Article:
Within 10 metres of a building, flammable garden materials (such as plants, mulches and fences) must not be located close to vulnerable parts of the building (such as windows, doors, decks, pergolas and eaves). The intention is to prevent flame contact on the house.

There are a number of things that can be done to support this design principle:

  • Locate non-flammable surfaces (such as paths, driveways and paved areas) against the house.

  • Ensure trees are planted away from the house so they do not cause damage if they fall. They must not overhang the house and should be located 1.5 times their mature height from the house.

  • For example, if a mature tree height is 8 metres, it should be planted at a minimum of 8 metres x 1.5 = 12 metres away.

  • Maintain grass to no more than 5 centimetres in height in the inner zone and 10 centimetres in the outer zone.

  • Use non-combustible, moveable containers and pots that can be relocated in the summer.

  • Avoid flammable mulches within the defendable space. Mulch is used to improve the quality of soil, improve water efficiency and keep plants cool and moist in the summer. Most mulch used in gardens can also be a bushfire hazard as it will dry out and burn.

  • Alternatives include gravel, scoria, pebbles, shells or recycled crushed bricks. These materials provide the same role and come in a variety of shapes and colours.

  • Remove other flammable objects from around the house. These include sheds, caravans, outdoor furniture, barbeques, gas bottles, wood piles and organic mulch.

These should not be placed within 10 metres of the house and must have adequate separation from other flammable objects, including plants.


One of the most effective ways to reduce the spread of fire within a garden is to create separation between plants, garden beds and tree canopies.

Fire spreads easily when plants are located close together.

When a plant catches fire it can preheat and ignite the vegetation around it through radiant heat or direct flame contact.

If there is continuous vegetation leading up to and surrounding a house, fire is likely to spread throughout the garden to the house. Grouping plants and garden beds with areas of low fuel between them can help avoid this by breaking up fuel continuity.

Ways to reduce fuel continuity include:

  • Locating shrubs or other flammable objects away from trees. If planted under trees, vegetation can act as a ladder fuel and carry fire into canopies.

  • Clumping shrubs and trees so they do not form a continuous canopy and are separated by areas of low fuel.

  • Using gravel paths, non-flammable mulch and mown grass to provide separation and areas of low fuel between plant groupings and garden beds.

  • Pruning branches to a minimum of 2 metres above the ground. This increases the vertical separation between fuel at ground level and the canopy.


Trees can be useful during a bushfire, provided they are:

  • selected carefully

  • properly maintained

  • located at a safe distance from the house.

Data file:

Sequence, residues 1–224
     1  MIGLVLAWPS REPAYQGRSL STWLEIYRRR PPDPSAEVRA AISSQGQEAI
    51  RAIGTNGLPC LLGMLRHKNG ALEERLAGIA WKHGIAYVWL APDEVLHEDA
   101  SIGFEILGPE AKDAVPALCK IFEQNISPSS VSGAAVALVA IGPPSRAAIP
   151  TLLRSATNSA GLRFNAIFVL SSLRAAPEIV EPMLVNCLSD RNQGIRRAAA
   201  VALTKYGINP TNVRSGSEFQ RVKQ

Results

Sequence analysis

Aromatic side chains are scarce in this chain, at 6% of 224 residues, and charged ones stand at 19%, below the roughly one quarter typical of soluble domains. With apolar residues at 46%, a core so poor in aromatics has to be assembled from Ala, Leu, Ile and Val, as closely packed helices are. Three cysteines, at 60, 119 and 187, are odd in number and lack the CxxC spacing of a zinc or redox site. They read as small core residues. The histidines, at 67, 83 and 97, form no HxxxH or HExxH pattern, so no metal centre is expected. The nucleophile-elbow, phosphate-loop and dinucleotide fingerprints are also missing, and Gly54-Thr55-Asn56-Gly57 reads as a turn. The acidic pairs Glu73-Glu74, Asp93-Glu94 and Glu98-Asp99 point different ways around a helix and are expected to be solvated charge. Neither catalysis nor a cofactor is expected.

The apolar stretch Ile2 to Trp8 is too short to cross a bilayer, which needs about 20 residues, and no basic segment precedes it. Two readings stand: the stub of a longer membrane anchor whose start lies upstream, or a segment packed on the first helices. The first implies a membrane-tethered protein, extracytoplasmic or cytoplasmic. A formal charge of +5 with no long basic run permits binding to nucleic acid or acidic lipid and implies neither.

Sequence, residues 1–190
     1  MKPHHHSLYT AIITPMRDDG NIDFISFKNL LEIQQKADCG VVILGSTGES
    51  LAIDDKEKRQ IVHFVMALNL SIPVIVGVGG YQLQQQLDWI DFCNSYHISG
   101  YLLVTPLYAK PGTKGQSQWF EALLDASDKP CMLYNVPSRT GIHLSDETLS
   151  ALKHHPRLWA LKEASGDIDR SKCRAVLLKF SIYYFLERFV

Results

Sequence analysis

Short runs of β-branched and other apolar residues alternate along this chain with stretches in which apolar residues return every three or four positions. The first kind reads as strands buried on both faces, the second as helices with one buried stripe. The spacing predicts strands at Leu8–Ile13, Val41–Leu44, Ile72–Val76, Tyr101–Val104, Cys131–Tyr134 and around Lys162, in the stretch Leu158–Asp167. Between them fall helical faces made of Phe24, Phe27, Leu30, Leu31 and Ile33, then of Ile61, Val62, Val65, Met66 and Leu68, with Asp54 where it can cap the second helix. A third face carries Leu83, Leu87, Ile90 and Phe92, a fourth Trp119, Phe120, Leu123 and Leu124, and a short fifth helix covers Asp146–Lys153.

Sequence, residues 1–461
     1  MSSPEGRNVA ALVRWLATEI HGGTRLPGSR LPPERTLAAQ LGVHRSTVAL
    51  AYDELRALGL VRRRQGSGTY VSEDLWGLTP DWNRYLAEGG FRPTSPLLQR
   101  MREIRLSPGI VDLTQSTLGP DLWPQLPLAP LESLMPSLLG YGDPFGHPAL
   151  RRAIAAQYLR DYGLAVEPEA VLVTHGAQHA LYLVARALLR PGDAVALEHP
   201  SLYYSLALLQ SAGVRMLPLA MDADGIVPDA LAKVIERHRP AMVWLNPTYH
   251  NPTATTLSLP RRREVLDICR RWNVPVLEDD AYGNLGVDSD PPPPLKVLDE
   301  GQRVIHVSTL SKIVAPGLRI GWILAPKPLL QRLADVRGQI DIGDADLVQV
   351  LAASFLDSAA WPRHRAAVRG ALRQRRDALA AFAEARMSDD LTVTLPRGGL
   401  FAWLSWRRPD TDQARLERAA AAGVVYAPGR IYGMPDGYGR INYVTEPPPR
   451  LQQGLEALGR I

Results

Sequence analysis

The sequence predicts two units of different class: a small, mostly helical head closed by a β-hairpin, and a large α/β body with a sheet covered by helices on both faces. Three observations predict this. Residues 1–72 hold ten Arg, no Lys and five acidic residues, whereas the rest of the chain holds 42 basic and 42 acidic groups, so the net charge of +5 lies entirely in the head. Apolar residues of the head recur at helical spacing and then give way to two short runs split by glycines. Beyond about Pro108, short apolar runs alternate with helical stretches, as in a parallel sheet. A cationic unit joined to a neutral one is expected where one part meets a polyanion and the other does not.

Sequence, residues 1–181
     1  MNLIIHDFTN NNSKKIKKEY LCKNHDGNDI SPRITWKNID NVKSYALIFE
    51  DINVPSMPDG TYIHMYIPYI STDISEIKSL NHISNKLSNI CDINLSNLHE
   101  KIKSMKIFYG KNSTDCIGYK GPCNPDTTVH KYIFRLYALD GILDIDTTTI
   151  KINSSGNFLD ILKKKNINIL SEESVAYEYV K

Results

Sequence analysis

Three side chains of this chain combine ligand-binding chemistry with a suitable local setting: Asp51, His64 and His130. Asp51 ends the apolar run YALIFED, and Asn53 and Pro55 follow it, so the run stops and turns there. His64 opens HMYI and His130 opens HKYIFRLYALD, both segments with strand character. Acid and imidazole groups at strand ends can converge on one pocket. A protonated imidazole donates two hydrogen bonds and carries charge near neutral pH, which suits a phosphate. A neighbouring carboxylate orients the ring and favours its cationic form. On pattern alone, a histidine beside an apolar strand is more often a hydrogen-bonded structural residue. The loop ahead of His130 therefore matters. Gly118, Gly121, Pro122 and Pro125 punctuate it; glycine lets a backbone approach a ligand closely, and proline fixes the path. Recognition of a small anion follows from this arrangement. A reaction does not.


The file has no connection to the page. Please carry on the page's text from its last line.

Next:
Bushfires are often accompanied by strong winds, which may cause branches to break or whole trees to blow over. Trees can also catch fire, burn through and fall over.

Correctly selected and located trees can:

  • reduce wind speed

  • absorb radiant heat

  • filter embers.

Fire is rarely sustained in the tree canopy, unless there is a fire burning in the plants or leaf litter under the tree.

When implementing this design principle:

  • Avoid trees with loose, stringy or ribbon bark.

  • Separate tree canopies by at least 2 metres.

  • Canopies should cover less than 15 per cent of the inner zone and 30 per cent of the outer zone.

  • Prune branches to a minimum of 2 metres above the ground increasing the vertical separation between fuel at ground level and the canopy.

  • Locate trees at a safe distance from all other buildings, driveways, water supplies and powerlines. They should be at least 1.5 times their mature height away.

  • Do not plant trees near shrubs, as shrubs can carry fire into tree canopies.

  • Periodically remove dead leaves, bark and branches as well as leaf litter from underneath trees around the house.


Trees can also be planted for windbreaks but are most effective in a fire of low to moderate intensity.

However, windbreaks are only one of many factors that affect the speed and progression of a bushfire.

Windbreaks are not a stand alone solution because:

  • it takes time for trees to grow and they may not provide protection for some years

  • wind direction can change and spot fires occur, allowing bushfires to approach from any direction.

Other things to remember are that:

  • there needs to be adequate separation between a building and the windbreak

  • a windbreak should not be planted within the defendable space

  • trees should be carefully selected and will require ongoing maintenance

  • highly flammable trees will become a fire hazard

  • the windbreak should be planted at right angles to prevailing winds

  • the windbreak should allow some wind to pass through

  • the windbreak should have a continuous length of at least 100 metres if possible

  • slashed, well-watered grass should be planted underneath the windbreak

  • routine maintenance must be carried out to remove leaf litter and other dead plant material from underneath the windbreak.